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2 External Interfaces on PIX with Wireless router on one External

I have a PIX firewall with two external interfaces. One interface has our AT&T DIA and one has AT&T DSL. We have the PIX set up to use the DIA for the default route with metric 1 and the DSL for the default route on metric 2 (back up Internet connection basically). Currently, we have a wireless router on the DSL line mainly for our vendors/auditors when the come in so they can have access the the Internet.

I would like to make it so that you can VPN into the PIX on the DIA if we have a laptop on the wireless in part of the building without a network jack. With the security rules in place, I cannot connect to the DIA public IP from the DSL because of reverse path check.

However, I could add a default route on the outside interface for the ip address of my wireless router to the gateway ip address for the DSL modem.

i.e. modem=172.16.1.1 , router=172.16.1.3   ------   route outside 172.16.1.3 255.255.255.255 172.16.1.1
(example IP addresses. I have a public IP address for this router and modem)

This allows me to then connect to the VPN on the DIA public IP from the wireless on the DSL.

Now my question though, am I leaving myself open to a security issue?

The only incoming rules from the DSL interface are currently

~ implicit to permit scr 'any' dst 'less secure networks' to service ip, and
~ implicit deny rule any any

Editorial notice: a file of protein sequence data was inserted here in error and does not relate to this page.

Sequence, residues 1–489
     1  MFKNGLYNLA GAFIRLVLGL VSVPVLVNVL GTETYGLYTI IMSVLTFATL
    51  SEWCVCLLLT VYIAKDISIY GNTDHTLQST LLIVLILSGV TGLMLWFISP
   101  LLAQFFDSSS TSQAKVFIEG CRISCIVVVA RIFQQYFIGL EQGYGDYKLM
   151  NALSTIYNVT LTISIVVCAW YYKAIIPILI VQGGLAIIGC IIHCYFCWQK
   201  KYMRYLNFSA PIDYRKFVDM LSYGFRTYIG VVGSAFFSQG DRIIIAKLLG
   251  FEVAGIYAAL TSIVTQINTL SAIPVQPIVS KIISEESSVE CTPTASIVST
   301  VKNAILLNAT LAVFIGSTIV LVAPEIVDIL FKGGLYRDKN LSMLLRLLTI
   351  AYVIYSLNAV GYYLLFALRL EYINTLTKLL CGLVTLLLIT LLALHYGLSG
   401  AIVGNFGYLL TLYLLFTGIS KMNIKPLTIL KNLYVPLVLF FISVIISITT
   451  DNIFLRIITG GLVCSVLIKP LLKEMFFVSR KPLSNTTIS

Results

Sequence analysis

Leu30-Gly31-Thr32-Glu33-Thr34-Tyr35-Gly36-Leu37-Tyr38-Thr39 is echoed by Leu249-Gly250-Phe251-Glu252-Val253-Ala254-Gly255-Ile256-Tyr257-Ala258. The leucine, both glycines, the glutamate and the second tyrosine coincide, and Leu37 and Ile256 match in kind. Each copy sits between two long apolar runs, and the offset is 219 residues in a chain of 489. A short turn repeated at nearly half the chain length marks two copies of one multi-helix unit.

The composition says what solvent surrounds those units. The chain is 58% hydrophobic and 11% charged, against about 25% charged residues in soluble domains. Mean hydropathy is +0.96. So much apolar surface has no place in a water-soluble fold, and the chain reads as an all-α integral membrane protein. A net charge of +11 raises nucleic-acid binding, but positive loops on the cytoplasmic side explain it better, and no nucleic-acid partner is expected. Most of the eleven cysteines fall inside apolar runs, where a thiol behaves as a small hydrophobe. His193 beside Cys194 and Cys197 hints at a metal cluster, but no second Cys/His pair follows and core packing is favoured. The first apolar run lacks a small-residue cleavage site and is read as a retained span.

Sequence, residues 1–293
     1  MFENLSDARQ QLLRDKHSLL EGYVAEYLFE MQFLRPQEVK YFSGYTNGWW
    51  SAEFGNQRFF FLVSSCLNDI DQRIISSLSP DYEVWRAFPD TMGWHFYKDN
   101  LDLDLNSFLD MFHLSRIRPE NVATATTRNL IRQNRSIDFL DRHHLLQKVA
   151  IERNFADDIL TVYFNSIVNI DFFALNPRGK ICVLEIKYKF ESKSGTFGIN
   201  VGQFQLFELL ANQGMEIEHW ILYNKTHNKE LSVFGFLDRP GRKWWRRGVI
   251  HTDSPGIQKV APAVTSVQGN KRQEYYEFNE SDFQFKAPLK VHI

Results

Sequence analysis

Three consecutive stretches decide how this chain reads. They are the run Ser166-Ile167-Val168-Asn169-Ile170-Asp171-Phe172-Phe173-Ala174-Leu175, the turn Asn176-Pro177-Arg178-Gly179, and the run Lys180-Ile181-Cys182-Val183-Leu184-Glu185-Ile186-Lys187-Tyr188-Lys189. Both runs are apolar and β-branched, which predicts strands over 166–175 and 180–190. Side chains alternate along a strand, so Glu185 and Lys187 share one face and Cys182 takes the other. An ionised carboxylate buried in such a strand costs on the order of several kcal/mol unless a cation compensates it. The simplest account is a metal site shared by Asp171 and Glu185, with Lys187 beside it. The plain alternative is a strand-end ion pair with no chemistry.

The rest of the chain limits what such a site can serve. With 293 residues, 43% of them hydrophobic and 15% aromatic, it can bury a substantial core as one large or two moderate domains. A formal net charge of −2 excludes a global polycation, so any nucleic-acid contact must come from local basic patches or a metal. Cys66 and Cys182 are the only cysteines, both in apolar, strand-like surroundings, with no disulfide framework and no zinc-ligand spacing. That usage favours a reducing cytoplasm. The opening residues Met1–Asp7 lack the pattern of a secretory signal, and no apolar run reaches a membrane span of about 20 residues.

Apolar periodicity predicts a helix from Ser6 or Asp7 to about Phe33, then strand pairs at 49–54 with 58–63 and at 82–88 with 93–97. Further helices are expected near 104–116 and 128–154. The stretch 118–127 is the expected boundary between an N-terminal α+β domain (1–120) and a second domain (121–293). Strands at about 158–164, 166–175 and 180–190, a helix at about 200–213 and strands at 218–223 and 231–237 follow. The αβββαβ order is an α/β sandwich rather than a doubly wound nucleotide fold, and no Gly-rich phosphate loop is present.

Thanks in advance for your comments/suggestions.


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Lee Anderson
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Lee Anderson
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1 Solution
 
asavenerCommented:
Why not just VPN to the interface that's on the same subnet as the wireless router?
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Lee AndersonVP, CIOAuthor Commented:
Yeah I guess I could do that.

What I was trying to do which I failed to mention was to make it so that my users could continue to use the host name on our DIA (mail.mydomain.com) for their connection entry in the VPN client.

Another reason I was looking at this is because I have one user who is a contracted employee through a third party who does not connect to our network except for OWA. He has offices at each of our locations and he uses the DSL lines at those locations to connect to our OWA server. Well when he is our main location where the OWA server and firewall are at, he cannot connect to the OWA server using https://mail.mydomain.com/ becuase I would guess that the DSL is taking the next hop to the firewall but becuase of the reverse path check the firewall is denying the traffic.

The route addition I mentioned in my original post, resolves both issues but I just wanted to make sure that I wasn't opening myself up.

I guess I could just give my users an addition VPN Connection Entry for when they are on the DSL and port forward 443 for OWA and give my other user the URL for the OWA on the DSL interface.
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asavenerCommented:
OK.

Re-reading your original post, it appears to me that your failover configuration will only work if the primary outside interface goes down.  IMO, that's not terribly useful, so another option would just be to disable the secondary outside interface, and then do a manual failover if you have an extended outage.
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Lee AndersonVP, CIOAuthor Commented:
That is how we have it set up. It is failover to the DIA and as you mentioned it;s not terribly useful as the DIA has not dropped in the last 5-6 years. I hadn't thought about just disabling that interface and manual failover later.

Thank for the sugestion. I think I will go that route.
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